Depression: Recognising the Warning Signs
Recent years have seen significant and very encouraging advances in both the treatment and recognising depression. More people are able to recognise that someone is suffering from depression and to feel confident that there are effective treatments for it. However, there is still much room for improvement – what more can we do to help those with this condition?
In 1995 the Australian Bureau of Statistics surveyed 2164 Australians to see if they could recognise a clear case of depression. The participants read the following vignette:
John is 30 years old. He has been feeling unusually sad and miserable for the last two weeks. Even though he is tired all time, he has trouble sleeping nearly every night. John doesn't feel like eating, and has lost weight. He can't keep his mind on his work and he puts off making decisions. Even day-to-day tasks seem too much for him. This has come to the attention of his boss, who is concerned about John's lowered productivity.
What people thought
Respondents were asked if they thought anything was wrong with John. They were also asked how he could best be helped. The results were really quite surprising; 61% of the sample did not think that the person had depression. Further, only 29% of the sample thought that antidepressants might help and only 34% thought that psychotherapy might help. Vitamins, minerals or special diets were seen as more helpful than psychotherapy or anti-depressants.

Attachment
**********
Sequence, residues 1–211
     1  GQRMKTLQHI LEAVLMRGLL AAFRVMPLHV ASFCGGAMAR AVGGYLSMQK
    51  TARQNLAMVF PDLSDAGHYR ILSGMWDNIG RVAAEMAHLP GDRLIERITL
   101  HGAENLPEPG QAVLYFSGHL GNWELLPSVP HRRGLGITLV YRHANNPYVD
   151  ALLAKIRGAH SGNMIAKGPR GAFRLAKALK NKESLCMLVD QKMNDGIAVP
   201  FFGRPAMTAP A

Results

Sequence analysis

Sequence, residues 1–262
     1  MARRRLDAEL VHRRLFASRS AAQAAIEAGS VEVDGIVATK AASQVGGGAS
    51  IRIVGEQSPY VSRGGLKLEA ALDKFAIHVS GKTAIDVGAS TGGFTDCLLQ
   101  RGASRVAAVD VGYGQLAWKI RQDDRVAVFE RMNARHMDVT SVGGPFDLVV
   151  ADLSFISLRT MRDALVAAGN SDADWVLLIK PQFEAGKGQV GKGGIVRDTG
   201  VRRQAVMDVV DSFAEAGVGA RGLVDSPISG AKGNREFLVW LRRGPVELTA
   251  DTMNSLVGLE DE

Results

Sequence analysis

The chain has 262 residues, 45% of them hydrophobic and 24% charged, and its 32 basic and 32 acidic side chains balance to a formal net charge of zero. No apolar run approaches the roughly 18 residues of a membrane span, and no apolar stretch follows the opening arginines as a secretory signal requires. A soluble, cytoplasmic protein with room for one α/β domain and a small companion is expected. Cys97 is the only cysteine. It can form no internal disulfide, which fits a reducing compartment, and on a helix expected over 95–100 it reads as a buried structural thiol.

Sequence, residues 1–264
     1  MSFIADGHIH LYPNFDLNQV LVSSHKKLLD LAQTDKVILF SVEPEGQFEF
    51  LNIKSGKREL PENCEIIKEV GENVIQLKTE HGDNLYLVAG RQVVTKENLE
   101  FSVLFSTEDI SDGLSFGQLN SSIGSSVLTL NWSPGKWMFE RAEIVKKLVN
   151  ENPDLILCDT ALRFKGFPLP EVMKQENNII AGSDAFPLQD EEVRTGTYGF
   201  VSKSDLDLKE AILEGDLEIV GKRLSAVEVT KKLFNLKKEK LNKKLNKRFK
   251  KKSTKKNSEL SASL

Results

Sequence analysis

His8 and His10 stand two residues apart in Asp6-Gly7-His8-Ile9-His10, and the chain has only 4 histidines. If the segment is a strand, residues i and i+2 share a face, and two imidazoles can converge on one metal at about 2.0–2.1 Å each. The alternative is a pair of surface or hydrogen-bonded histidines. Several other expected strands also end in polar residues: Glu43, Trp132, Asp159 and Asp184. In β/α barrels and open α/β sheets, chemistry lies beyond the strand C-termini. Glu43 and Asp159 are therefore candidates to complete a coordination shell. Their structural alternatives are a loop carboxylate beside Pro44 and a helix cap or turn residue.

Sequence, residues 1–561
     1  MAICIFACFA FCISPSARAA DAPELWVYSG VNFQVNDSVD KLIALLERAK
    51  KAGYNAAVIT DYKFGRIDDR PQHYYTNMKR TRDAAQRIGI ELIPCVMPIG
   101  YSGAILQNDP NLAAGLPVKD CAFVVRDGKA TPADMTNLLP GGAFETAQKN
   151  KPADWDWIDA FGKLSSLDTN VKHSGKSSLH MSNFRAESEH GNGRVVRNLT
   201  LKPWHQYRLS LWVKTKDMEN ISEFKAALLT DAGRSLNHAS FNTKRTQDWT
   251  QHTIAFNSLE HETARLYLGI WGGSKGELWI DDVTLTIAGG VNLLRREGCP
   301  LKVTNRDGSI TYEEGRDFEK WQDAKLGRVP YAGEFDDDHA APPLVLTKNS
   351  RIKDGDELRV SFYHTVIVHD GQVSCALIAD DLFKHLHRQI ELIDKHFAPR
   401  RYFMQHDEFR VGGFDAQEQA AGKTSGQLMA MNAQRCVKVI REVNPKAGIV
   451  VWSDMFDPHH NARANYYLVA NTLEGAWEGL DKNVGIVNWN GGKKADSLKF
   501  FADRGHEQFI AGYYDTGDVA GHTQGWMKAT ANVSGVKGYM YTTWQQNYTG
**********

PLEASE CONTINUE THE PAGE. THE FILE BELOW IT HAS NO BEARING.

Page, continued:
This result was really quite worrying. It indicated that people with these conditions were less likely to get the help they really needed.
Improving results and recognising depression
They repeated same survey eight years later and the results were much more encouraging. Now 67% of the people recognised that the person described in the story had depression. Additionally, the available interventions were viewed much more positively. This indicates that the work of organisations like beyondblue have been successful in educating the public about the prevalence of depression and what can be done about it.
We need to understand more
Still, it indicates that there is a long way to go, and we need to take further efforts to educate the public. The person described in the vignette clearly has depression and would likely respond well to a number of different treatments including psychotherapy, and may well experience noticeable improvements within a short period of time.
Is it you or someone you know?
If you suspect that you or someone you know has depression, more information can be found through beyondblue or from The Black Dog Institute. This includes how to recognise it, what you can do about it and how you can support someone who has it.
Let me know what you think in the comments. Now, read about understanding our psychological growing pains.
– Tim Hill
Source: Meadows, G., Singh, B., & Grigg, M. (Eds.). (2012). Mental health in Australia : collaborative community practice (third.). South Melbourne: Oxford University Press.
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